Saturday, October 20, 2012


Sometimes we get glimpses into the most intimate parts of people's lives. And I'm totally not talking about the bedroom kind of intimate. I'm talking about the moments when something happens that profoundly changes who a person is, or their life path. But not the retelling of those moments. Being there, when they are actually happening.

Sometimes these moments are beautiful, inspirational, hopeful. Like seeing a baby come into the world. Or being present when a child is placed in his mother's arms, and a mother is born. The wedding of a couple much in love.

Sometimes they are unbearably sad. Like when a child dies. Or a loved one has become so fuzzy she is no longer able to recognize us. A definitive diagnosis of infertility.

In my personal life, I have been present for a few of these moments. But, as a social worker, I've witnessed many of them. And unfortunately, the majority have been the sad ones.

Recently I was wittiness to parents having to make the decision of whether or not to donate their young daughter's organs. Medically she had been determined to have experienced brain death, which, in our state, means she was legally dead. Their decision was between organ donation (which would mean she was "alive" for an additional 24-36hrs while the necessary testing, etc... was done prior to donation) and not (which would mean the staff would disconnect her from the life support machines relatively quickly).

You all, I don't know how you make this decision as a parent. I'd like to think that I would be able to make something "good" come from my child's death in this way. But I just don't know that I could. Logically and spiritually it makes sense me. Right now. But I'm pretty sure that neither of those would be what would be guiding me in that awful moment. I'm pretty sure that my emotional being would be fully in control. Or out of control. How could I agree to lose another part(s) of my child?

The parents ultimately decided for their own reasons not to donate her organs. Many of the staff were bothered by this. A couple of times someone said something along the line that the parents would regret this decision in the future, their opportunity to help save someone else's life.

But I don't blame them. All they wanted was the life of their daughter to be saved. And, though it was not possible, that doesn't mean that they were emotionally in a place to make this kind of decision.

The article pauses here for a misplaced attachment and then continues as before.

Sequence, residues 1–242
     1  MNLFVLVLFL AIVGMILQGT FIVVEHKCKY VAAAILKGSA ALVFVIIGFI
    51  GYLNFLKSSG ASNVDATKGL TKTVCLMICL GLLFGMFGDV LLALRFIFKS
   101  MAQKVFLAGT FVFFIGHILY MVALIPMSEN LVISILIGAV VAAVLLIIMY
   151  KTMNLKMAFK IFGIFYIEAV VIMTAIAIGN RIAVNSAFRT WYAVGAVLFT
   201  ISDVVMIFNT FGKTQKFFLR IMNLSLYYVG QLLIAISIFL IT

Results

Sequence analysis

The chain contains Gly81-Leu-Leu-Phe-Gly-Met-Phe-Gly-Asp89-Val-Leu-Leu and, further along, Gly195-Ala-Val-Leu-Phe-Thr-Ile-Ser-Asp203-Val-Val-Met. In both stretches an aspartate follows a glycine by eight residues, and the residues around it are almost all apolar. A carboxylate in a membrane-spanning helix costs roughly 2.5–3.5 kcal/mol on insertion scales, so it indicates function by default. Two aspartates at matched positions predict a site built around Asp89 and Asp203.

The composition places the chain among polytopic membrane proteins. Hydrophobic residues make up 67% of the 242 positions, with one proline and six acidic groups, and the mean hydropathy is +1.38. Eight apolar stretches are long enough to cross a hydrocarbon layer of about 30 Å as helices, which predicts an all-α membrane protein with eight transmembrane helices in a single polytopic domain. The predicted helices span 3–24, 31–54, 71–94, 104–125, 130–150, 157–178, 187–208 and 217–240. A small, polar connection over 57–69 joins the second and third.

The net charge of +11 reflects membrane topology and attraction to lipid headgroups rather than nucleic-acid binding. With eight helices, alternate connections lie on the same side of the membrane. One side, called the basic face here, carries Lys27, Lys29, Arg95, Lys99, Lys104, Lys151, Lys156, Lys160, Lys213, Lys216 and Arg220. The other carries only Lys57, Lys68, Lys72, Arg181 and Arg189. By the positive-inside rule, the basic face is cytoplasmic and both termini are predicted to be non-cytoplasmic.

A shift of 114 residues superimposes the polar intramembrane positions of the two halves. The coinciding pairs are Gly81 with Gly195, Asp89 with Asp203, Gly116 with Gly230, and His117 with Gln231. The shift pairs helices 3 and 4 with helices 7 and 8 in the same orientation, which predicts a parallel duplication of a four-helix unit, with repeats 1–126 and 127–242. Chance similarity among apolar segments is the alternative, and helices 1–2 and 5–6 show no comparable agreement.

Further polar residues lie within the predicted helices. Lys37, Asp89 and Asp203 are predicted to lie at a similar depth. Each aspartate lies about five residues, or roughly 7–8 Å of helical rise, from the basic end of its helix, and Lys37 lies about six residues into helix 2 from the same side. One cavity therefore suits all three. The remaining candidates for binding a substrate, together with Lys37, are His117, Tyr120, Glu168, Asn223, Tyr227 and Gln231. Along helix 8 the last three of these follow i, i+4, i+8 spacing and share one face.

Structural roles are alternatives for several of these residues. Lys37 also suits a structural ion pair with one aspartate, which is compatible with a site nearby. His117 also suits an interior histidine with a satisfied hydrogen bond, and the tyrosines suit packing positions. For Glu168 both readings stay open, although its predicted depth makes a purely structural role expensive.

This day was likely the worst day professionally I've ever had. I don't want to experience one like it ever again. But I know my day pales in comparison to the day those parents had. The days they have had since that day. I desperately hope it is a day that none of us as parents ever has to experience.

Today's Lesson: Sometimes I wonder when I will feel like an "adult", I want to feel like an adult. And then I am witness to a moment such as this, and I do indeed feel like an adult. And then I no longer want to feel like an adult. There are some decisions none of us should ever be forced to make. Adult or not.


Emms said...

I can't imagine how difficult this must have been for the family. It must have been so hard for you to watch it happening. The things that people have to go through... I don't know, it really does change lives. I hope you never have to experience something like it again!

Alex said...

Oh my goodness, I can't even imagine. Both having to make that decision, and dealing with it from the outside of the family, like you did. My heart goes out to that family. And to you.

Jen Forbes said...

That poor child, and those poor parents. I just for the life of me understand why thing like this happen...

Let me just say there's no way to know for sure why they didn't donate but I can guess using my own experience if you'll allow me. Of course this is only a guess and I know all to well everyone is different...

My son and daughter died together in an accident six years ago. The pain and trauma is so tremendous there are no words to describe it. There should be a vocabulary just for us; parents who have endured this type of loss.

My children died instantly so organ donation wasn't an option and we always felt badly about that, but I can't honestly say what I would have done.

That being said I want to say something about the waiting. My children died on a holiday weekend and the waiting is torture pure horrible torture. The coroner was on vacation so they couldn't release my children's bodies for funeral.

Maybe it was the waiting. God do I sympathize with that, truly it was torture, that word isn't even good enough.

M said...

How awful. Those poor parents.

marwil said...

I can only guess they either didn't want to or maybe more likely, they were not ready to let go. It's a tough choice and you can only do what feels right in the moment.In that situation it's impossible to think clearly about anything. Also, must have been such a tough thing for you to witness.